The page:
Across the international affairs budget, the overall reduction to foreign assistance is 21 percent, according to the budget proposal, including cuts to United Nations programs. Eliminations of various international aid programs are expected to save nearly $170 million compared to last year.
The budget requests $40.8 billion for the State Department and the U.S. Agency for International Development (USAID), a 22 percent decrease from last year.
The savings include the elimination of spending for international development organizations such as the U.S.-based nonprofit The Asia Foundation. Other cuts are proposed to embassy-based small grants for events and programs, including sending American artists to a poetry festival in Finland or supporting a foreign student to attend Space Camp.
Critics argued that the reduction in the international affairs budget increases the risk for critical military operations.
“The president disagrees with the idea that we should continue to have such robust levels of funding in the foreign aid category,” Russ Vought, acting director of Office of Management and Budget, told reporters on Feb. 10.
Despite deep cuts, he said, spending about $40 billion in foreign aid was still substantially higher compared to other countries.
“What we believe that, at the end of the day, it’s time to rethink how we do foreign aid in this country, that we need to move beyond the reality of spending money for a Bob Dylan statue in Mozambique, for the NASA Space Camp in Pakistan, for the professional Cricket League in Afghanistan.”
Trump also proposed fundamental restructuring to humanitarian assistance programs.
Rep. John Yarmuth (D-Ky.), chairman of the House Budget Committee, reacted to Trump’s proposal to cut foreign aid among other things, in a statement. He criticized the president for putting forth “a destructive and irrational budget.”
“He has broken his promises to the American people. Defaulted on the bipartisan budget deal he made with Congress,” he stated on Feb. 10.
Countering China Threat
The administration says spending for international programs will focus on “great power competition” and national security.
For example, the proposal expands the budget for the International Development Finance Corp. (DFC), a critical tool for countering China’s “One Belt, One Road” initiative. The new agency, which began operating in January, focuses on investing in emerging markets. It aims to compete with China in funding not only traditional infrastructure projects but also advanced technologies, including 5G.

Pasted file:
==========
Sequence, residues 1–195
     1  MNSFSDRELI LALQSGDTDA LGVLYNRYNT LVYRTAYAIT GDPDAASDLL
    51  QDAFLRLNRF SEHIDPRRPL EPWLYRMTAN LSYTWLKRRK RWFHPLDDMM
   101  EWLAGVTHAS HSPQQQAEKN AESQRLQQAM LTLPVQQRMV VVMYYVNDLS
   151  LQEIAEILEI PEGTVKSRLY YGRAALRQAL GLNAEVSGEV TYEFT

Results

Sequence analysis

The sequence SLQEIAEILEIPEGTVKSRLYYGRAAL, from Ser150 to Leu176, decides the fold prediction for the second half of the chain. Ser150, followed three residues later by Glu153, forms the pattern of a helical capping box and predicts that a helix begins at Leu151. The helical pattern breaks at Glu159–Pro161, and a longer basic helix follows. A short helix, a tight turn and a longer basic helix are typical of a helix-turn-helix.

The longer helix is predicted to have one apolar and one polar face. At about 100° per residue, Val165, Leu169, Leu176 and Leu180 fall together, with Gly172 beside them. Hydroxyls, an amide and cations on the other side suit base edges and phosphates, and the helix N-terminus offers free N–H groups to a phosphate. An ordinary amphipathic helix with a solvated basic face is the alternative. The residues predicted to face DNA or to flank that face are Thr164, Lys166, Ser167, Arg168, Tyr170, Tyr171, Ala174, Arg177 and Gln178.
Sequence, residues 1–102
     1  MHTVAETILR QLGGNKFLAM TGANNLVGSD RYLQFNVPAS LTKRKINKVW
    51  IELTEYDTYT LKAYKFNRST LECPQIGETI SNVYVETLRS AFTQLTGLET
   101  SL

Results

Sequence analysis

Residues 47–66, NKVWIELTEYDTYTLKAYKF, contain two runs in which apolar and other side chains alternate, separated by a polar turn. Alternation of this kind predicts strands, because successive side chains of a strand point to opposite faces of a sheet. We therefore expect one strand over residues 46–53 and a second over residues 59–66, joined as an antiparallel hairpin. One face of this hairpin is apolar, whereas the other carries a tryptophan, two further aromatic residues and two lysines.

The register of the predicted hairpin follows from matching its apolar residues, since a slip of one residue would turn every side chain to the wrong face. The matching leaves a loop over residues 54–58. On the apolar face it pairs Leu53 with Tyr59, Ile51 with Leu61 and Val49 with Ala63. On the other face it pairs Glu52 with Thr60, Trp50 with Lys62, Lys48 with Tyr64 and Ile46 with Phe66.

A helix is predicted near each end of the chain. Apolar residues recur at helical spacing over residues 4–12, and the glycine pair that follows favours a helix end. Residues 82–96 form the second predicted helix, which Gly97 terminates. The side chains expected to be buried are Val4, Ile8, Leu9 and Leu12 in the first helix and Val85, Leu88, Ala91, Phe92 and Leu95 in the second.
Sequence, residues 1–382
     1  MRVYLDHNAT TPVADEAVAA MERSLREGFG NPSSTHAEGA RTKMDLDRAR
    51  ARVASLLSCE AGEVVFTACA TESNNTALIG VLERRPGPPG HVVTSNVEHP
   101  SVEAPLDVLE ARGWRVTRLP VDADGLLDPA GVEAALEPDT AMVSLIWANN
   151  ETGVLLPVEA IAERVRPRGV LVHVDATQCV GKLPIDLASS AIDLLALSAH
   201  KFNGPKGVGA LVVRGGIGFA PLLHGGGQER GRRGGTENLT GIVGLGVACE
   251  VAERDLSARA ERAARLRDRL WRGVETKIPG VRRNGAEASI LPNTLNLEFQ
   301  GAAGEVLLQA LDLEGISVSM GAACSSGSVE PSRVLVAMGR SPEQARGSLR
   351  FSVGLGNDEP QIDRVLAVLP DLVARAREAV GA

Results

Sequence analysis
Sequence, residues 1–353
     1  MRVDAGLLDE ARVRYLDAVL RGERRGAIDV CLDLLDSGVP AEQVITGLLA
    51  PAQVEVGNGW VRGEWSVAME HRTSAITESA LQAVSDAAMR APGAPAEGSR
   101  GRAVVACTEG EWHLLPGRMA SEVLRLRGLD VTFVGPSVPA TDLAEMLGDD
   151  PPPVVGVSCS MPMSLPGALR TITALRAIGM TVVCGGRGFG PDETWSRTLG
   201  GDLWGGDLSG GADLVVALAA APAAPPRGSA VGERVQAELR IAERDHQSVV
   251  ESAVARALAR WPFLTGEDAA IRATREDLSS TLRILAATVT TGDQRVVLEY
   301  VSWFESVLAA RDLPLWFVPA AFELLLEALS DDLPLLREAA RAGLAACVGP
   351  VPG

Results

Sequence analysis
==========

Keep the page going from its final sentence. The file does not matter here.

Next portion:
“We have to be there as an alternative because I could see China take down a whole bunch of emerging countries,” Adam Boehler, chief executive of DFC, told Financial Times in December 2019.
Congress doubled the DFC’s funding in 2019 to $60 billion and allowed the new agency to make equity investments.
The budget also provides $1.5 billion for the Indo-Pacific region to ensure “the region remains free, open, and independent of malign Chinese influence.”
The budget proposal mentions China, or the words “Chinese influence” or “Chinese propaganda” nearly 20 times. In addition, Russia, “Russian influence,” or “Russian aggression” are mentioned more than 10 times in total.
Trump’s $4.8 trillion budget proposal, which is slightly higher than last year’s request, calls for increased spending for military, infrastructure, Veterans Affairs, NASA, Department of Homeland Security, and the National Nuclear Security Administration.
The blueprint, titled “A Budget for America’s Future,” proposes $4.4 trillion in cuts to both mandatory and discretionary spending over 10 years.
The administration targets $2 trillion in savings from mandatory spending, including $130 billion from lower drug costs within the Medicare program and nearly $300 billion from safety-net cuts, such as work requirements for Medicaid.
The budget also proposes reducing discretionary spending across government by 5 percent to $590 billion next year.
The budget requests $740.5 billion for national defense in 2021, an increase of $2.5 billion over the 2020 enacted level. The plan also proposes to increase defense spending by nearly 2 percent on an annual basis after 2021 for a few more years.
The Overseas Contingency Operations account, however, is expected to go down over years as it “will require less funding as the President works to end endless wars,” Vought said.
According to the plan, the deficit will start to fall, dropping below $1 trillion in the 2021 fiscal year. The administration makes the case that the savings proposed will reduce the deficit each year and that the budget will be balanced in 15 years.
That projection relies on high expectations for economic growth, projecting around 3 percent growth over the next decade. This growth rate is reasonable, according to the White House, if the administration’s economic policies are enacted.
The budget proposal is generally viewed as a political messaging document and is unlikely to become law.
Congress has “certainly ignored this president’s saving proposals for the first three years. That may very well continue this year,” Vought said.
“We’re going to keep proposing these types of budgets and hope that at some point Congress will have some sense of fiscal sanity.”